6 June 2024

“Low fever? Loss of taste and low fever? Is your sense of smell working okay?”

This is one of over 300 calls which volunteers are handling, calling back to check on patients, while they wait for hospital beds to become available.

Every day, Panadda Pakdiwiwat, a registered nurse from Sirindhorn National Medical Rehabilitation Institute, faces various challenges, but puts in her best effort to be a good listener to frustrated callers suffering with coronavirus infection and to provide them with guidance and help relieve their frustration.

All the volunteers have full-time jobs, but give up their time to man the hotlines, to facilitate the patient admission process. Each case takes at least 15 minutes.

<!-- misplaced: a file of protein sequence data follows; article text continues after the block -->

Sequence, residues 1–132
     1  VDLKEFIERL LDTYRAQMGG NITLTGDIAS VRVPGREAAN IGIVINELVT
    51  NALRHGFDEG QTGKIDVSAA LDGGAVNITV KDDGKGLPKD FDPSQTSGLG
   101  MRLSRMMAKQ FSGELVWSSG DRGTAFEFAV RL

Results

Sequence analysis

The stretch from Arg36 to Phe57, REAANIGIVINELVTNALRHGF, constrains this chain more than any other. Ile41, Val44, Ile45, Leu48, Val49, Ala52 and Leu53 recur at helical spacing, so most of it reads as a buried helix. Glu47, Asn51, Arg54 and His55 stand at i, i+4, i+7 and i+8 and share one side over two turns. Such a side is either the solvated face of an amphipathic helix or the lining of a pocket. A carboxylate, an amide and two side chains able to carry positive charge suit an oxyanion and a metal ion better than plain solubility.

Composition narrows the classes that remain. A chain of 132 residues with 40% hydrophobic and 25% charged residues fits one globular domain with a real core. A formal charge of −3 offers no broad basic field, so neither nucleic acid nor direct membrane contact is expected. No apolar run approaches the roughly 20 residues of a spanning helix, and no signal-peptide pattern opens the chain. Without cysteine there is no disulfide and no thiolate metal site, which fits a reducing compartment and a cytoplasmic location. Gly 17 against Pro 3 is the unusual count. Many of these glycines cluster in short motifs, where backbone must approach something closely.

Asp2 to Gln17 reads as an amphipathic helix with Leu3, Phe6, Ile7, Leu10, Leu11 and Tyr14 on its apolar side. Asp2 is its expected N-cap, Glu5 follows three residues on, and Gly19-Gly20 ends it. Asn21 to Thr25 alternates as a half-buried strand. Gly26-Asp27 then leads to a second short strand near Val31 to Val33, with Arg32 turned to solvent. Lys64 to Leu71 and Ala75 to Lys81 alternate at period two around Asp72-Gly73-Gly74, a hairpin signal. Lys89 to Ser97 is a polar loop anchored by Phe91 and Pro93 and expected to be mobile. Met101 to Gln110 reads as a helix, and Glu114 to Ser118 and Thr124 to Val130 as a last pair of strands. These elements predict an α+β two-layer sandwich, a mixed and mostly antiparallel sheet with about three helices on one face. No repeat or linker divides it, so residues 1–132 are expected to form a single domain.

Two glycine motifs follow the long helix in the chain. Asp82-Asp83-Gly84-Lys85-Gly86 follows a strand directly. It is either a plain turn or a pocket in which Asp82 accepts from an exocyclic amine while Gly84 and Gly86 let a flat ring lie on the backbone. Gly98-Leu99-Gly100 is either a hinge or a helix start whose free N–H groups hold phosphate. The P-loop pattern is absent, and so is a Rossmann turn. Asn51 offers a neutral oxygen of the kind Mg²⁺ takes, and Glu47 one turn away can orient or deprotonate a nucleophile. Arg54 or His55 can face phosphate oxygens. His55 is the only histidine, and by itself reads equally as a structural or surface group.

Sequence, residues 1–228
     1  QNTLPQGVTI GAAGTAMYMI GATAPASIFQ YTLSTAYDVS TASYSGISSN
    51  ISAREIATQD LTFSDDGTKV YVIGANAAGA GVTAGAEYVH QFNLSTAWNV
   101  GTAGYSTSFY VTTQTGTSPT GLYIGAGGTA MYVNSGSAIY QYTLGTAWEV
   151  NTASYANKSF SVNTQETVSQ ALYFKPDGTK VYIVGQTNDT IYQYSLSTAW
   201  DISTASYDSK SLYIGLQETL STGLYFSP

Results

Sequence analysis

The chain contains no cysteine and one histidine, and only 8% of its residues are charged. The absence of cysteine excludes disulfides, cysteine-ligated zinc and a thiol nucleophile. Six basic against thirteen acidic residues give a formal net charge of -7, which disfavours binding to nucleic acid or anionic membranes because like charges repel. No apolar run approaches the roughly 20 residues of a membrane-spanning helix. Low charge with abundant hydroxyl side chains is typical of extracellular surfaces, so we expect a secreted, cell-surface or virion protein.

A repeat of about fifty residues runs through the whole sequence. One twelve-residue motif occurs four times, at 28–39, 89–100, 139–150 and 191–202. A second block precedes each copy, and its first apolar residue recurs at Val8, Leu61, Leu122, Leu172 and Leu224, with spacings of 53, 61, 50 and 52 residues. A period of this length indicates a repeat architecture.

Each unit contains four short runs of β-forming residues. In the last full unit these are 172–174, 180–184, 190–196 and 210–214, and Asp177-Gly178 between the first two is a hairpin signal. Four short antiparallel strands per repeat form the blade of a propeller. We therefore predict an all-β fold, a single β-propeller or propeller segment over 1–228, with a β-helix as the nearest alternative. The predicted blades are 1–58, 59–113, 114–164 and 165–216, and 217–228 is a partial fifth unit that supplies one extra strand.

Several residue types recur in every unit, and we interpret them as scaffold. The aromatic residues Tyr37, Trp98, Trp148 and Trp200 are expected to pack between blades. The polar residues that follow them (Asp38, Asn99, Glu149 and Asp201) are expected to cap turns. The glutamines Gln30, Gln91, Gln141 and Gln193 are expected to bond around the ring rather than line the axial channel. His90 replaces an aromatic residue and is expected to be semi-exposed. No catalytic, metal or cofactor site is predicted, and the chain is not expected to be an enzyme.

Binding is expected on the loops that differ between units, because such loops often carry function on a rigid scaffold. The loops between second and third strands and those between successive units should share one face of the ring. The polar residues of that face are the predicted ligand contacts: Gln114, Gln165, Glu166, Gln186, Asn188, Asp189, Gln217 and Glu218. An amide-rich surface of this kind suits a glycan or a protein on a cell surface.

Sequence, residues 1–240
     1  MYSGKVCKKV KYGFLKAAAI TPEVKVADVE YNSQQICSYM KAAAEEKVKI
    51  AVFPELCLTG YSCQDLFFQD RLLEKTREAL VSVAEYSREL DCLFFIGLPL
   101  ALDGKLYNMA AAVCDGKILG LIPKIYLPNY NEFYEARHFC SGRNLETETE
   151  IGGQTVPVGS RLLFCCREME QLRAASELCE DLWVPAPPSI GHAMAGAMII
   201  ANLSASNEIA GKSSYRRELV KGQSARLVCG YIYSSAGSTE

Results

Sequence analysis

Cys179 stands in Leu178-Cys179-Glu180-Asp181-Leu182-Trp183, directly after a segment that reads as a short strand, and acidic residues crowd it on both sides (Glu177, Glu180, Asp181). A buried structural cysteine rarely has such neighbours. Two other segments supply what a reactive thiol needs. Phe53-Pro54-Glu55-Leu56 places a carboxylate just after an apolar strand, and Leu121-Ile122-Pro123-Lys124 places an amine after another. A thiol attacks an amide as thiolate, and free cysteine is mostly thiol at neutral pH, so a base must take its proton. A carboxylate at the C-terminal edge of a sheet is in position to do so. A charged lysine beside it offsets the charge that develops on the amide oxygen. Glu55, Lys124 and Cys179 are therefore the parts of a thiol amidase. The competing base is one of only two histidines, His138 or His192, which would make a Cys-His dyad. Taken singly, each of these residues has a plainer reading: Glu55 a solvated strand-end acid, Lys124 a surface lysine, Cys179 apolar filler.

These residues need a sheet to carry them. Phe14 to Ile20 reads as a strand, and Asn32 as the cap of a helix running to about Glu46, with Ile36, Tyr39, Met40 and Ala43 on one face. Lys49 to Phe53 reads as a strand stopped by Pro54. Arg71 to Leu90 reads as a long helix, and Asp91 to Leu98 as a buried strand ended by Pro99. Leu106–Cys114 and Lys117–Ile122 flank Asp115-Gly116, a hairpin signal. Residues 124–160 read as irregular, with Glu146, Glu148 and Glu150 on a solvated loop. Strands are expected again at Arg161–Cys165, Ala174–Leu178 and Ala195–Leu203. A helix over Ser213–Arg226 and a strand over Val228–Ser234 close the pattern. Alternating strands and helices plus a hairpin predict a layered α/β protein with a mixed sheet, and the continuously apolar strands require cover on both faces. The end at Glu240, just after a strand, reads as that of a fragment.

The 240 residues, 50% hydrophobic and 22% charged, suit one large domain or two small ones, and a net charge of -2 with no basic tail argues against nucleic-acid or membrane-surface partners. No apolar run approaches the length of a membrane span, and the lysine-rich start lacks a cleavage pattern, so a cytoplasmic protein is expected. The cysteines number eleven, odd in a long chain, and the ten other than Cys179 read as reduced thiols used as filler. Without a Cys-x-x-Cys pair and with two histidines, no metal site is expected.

The hotline team has 20 lines, with three teams working on the job. They take the calls, verify the information and pass the case on to related agencies. Patients calling in are divided into three colour-coded groups, depending on the severity, as assessed by physicians.

Since the hotline was launched on April 10th, there have been almost 2,500 calls from infected patients, almost half of them requested a hospital bed, and over 600 people have already been admitted.